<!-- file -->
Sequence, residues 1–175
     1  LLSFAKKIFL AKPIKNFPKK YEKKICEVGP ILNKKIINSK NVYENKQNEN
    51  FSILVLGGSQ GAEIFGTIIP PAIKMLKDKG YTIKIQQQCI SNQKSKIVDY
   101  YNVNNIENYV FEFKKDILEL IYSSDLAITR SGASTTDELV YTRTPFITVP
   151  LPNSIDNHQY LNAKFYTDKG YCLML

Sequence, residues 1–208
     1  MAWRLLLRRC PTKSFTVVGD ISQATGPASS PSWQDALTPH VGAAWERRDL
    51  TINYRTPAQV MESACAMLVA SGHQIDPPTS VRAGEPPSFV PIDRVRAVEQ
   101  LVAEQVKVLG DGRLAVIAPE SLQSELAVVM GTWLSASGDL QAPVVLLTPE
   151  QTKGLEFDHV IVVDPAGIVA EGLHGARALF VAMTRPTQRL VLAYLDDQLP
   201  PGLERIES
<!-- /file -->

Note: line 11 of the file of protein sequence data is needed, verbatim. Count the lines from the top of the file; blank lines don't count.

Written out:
   201  PGLERIES